It was almost impossible, but we selected our top 10 Duran Duran tracks for you to enjoy…

10. Come Undone (1993)
Duran Duran had dropped off-radar before Ordinary World and this brooding classic heralded a fresh purple patch. The song evolved from Cuccurullo’s heavily-flanged riff, originally intended for a side-project with Bush singer Gavin Rossdale. The addition of a drum loop from The Soul Searchers’ Ashley’s Roachclip was inspired, while session star Tessa Niles delivered a perfect vocal counterpoint. Despite the seemingly morose imagery, Le Bon wrote the lyrics for his wife as a birthday present.

9. The Wild Boys (1984)
Written for Russell Mulcahy’s film adaptation of William Burroughs’ novel The Wild Boys: A Book Of The Dead, this took on a life of its own when that project fell through. Nile Rodgers was armed with a brief to concoct an “extreme drum sound”, so he gathered raw audio and samples to put through his futuristic new Synclavier sampler. Thanks to Mulcahy, the band inherited a wealth of ideas to use in the ambitious video. The sole studio track on the Arena live album, it made No.2 on both sides of the pond.

8. Girls On Film (1981)
It’s viewed as the track that helped secure stratospheric fame, but Girls On Film was fashioned earlier in the band’s history, and the original demo (made with ex-singer Andy Wickett) has recently surfaced. While that gritty post-punk jam displays the band’s innards, the later reboot shows Le Bon in career-best form. The notorious Godley & Creme video might suggest otherwise, but behind the sexual imagery lie lyrics that call out the fashion industry for exploitation of women. An MTV staple, it made UK No.5.

7. Save A Prayer (1982)
The third, most sophisticated single from Rio was a masterstroke of cool – and the first ballad they’d unleashed. With the fuzzy mise-en-scène of a fl eeting dalliance and another MTV-friendly video, it was a surefire hit, only denied the UK summit by the imperishable Eye Of The Tiger (we’ll forgive them that one). The song was released by Eagles Of Death Metal in memory of the victims of the Paris terrorist attack in 2015. Duran Duran donated all the royalties they gained from the cover to the campaign.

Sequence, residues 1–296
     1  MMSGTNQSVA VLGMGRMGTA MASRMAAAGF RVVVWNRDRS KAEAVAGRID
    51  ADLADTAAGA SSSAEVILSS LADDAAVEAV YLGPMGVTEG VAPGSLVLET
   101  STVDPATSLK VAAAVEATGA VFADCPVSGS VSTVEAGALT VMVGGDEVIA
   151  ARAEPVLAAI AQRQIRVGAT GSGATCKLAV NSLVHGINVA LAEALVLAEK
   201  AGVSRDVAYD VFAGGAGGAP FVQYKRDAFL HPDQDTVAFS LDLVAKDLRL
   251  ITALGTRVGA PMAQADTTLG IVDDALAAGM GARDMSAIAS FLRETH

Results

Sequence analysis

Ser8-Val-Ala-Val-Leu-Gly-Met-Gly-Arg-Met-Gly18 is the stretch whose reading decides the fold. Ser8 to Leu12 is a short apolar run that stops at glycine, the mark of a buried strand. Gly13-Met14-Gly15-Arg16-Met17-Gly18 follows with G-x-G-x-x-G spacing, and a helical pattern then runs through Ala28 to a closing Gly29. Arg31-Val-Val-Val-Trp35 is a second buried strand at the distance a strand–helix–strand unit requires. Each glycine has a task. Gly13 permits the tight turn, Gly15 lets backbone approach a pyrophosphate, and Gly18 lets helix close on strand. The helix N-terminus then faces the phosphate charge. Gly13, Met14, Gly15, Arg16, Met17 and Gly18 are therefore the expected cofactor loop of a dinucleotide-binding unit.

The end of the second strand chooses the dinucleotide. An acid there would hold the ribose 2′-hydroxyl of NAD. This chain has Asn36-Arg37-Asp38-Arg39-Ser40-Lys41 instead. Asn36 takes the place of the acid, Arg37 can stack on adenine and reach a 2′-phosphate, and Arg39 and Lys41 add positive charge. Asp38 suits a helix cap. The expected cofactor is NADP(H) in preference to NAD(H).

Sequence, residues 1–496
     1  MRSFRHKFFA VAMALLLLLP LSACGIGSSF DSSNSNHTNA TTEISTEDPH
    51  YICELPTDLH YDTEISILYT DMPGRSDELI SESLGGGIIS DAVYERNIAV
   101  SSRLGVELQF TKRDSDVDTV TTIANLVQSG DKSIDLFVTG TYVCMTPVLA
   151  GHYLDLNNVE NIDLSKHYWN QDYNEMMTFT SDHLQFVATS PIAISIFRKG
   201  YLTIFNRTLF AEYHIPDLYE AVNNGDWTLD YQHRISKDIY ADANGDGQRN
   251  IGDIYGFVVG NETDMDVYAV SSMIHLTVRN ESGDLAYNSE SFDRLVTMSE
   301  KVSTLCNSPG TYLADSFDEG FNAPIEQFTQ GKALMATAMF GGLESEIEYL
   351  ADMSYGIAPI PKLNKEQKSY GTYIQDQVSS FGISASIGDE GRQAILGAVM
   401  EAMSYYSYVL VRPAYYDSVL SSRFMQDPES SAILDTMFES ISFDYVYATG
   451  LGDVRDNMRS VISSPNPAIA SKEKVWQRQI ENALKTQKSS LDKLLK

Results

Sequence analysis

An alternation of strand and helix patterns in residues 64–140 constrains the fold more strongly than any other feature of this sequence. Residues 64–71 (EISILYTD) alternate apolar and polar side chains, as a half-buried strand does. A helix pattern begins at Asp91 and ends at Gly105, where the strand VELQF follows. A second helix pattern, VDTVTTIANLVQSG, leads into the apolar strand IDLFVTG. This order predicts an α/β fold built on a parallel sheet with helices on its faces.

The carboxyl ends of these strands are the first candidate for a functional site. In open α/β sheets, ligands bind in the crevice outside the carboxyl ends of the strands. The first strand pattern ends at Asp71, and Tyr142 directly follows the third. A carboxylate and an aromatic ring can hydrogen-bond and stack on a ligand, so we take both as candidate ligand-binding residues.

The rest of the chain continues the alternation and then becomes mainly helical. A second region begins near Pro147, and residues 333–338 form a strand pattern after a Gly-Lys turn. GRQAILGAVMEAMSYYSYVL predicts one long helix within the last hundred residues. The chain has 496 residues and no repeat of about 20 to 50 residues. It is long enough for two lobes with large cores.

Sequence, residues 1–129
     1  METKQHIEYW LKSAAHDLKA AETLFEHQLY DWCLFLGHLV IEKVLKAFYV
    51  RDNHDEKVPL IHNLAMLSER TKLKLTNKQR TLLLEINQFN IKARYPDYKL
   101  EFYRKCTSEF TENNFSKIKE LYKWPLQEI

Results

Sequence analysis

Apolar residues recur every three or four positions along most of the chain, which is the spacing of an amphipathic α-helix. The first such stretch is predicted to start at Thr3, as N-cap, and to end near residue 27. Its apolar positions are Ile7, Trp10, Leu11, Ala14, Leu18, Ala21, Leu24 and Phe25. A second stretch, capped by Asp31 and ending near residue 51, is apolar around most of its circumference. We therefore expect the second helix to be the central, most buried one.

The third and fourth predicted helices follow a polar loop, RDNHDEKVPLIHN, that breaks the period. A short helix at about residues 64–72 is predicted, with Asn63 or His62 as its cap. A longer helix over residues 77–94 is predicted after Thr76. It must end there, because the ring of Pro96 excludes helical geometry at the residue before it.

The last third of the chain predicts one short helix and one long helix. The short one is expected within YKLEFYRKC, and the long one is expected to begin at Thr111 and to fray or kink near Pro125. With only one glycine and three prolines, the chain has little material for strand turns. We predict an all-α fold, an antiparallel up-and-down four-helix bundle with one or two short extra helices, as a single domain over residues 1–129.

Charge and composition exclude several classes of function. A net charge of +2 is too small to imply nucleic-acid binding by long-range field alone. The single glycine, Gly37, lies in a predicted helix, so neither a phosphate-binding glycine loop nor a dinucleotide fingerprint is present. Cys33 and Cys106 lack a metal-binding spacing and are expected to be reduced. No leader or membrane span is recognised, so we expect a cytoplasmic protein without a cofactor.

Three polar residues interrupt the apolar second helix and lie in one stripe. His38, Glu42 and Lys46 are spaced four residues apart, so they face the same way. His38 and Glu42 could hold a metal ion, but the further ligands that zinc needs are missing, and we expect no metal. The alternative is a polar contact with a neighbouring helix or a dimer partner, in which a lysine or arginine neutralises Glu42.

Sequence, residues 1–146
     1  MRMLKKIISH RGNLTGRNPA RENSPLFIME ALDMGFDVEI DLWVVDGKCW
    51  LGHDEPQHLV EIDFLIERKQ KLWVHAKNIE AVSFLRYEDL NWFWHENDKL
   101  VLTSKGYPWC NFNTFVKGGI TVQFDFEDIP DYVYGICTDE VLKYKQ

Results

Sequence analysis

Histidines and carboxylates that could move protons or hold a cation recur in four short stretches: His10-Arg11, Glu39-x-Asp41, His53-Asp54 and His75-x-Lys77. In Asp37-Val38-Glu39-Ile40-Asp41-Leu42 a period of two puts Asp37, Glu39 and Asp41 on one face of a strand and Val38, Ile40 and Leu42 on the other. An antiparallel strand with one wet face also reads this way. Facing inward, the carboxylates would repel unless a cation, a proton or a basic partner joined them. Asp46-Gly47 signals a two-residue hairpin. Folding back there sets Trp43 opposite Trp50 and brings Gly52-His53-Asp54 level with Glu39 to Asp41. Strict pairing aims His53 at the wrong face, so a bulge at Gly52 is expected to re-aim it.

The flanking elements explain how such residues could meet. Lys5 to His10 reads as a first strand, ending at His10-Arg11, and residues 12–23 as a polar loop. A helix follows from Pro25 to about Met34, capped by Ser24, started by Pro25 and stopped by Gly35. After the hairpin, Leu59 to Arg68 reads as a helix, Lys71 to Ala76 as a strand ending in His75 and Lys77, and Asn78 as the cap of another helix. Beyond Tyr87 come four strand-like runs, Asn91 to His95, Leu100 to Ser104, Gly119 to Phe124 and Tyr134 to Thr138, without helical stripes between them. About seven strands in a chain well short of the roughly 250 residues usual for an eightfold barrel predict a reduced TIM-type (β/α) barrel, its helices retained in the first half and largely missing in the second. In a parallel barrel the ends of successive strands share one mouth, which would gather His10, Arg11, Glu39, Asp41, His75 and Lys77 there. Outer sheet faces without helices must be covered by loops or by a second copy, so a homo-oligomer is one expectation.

6. Ordinary World (1993)
This epic ballad introduced a bold new chapter as the initial transmission from ‘The Wedding Album’. The lyrics found Le Bon at the height of his powers. “We’re surrounded by the desire for the super ordinary – super man, super life, video game explosion,” he told VH1. “I wanted to say that the ordinary world is actually the most beautiful thing.” The world agreed and a US No.1 spot beckoned, as did a mismatched duet with Pavarotti, who belted it out with Simon in Modena with full orchestral backing.

5. Notorious (1986)
Dubbed “the survival song” by the band, Notorious announced a new phase of their career. With the caustic circumstances surrounding Andy’s departure and a burnt out Roger also out, things could have gone south. Instead, this stoic riposte not only weathered the storm – while supposedly poking fun at Taylor (“Who really gives a damn for a flaky bandit”) – but also helped the three-piece emerge triumphant. Exposing their funkier influences with ‘The Hitmaker’ Nile Rodgers at the helm was a masterstroke.

4. Planet Earth (1981)
This sci-fi-loving debut announced a band transmitting miles away from Terra Firma. Commandeering a headline (about Spandau Ballet) entitled “Here Come The New Romantics”, Planet Earth installed the five-piece as white-hot poster boys for the movement. After EMI won the bidding war, Birmingham’s high hopes went direct from tourbus to studio. Colin Thurston came in to man the controls off the back of successes with David Bowie and The Human League, and a Blitz club classic – and a UK No.12 – was born.

3. Hungry Like The Wolf (1982)
The first US hit shows the rocky intentions of a band in the throes of a world takeover. Conceived by Le Bon and Rhodes at EMI’s demo studio with the use of cutting-edge tech (supposedly while suffering hangovers), it was finished in record time – or, as John Taylor surmised, “it was probably written by cocktail hour”. Simon’s Red Riding Hood-inspired narrative traces the guitar motif, a Jupiter-8 synth orbits its popcorn arpeggio, and Simmons and Roland 808 drum machines underpin an animalistic groove.

2. The Reflex (1983)
The Reflex blended club-bound rhythm, jagged chords, errant (slightly out-of-tune) steel drum synth sounds and Raphael Dejesus’ percussive genius with a disorientating narrative that even Simon Le Bon didn’t understand. The label wasn’t convinced, but Nile Rodgers’ pioneering revamp brought the whole thing to fruition. “It blew my barn doors off,” Le Bon told Billboard. The single snatched the UK No.1 from Lionel Richie (Hello), and toppled Cyndi Lauper (Time After Time) for the US crown.

1. Rio (1982)
The eye-wateringly decadent yacht video somehow defined the Eighties (and the band), but none of that overblown escapism matters a jot. Rio’s verses were adapted from early track See Me Repeat Me, while the chorus took inspiration from Birmingham peers TV Eye. The end result is an effervescent clash of arpeggiated synth, rhythm-clinging guitar stabs and an intricate, wandering bassline inspired by Sly & The Family Stone. Add in Le Bon’s dynamic lead and lyrics, and it’s one killer calling-card.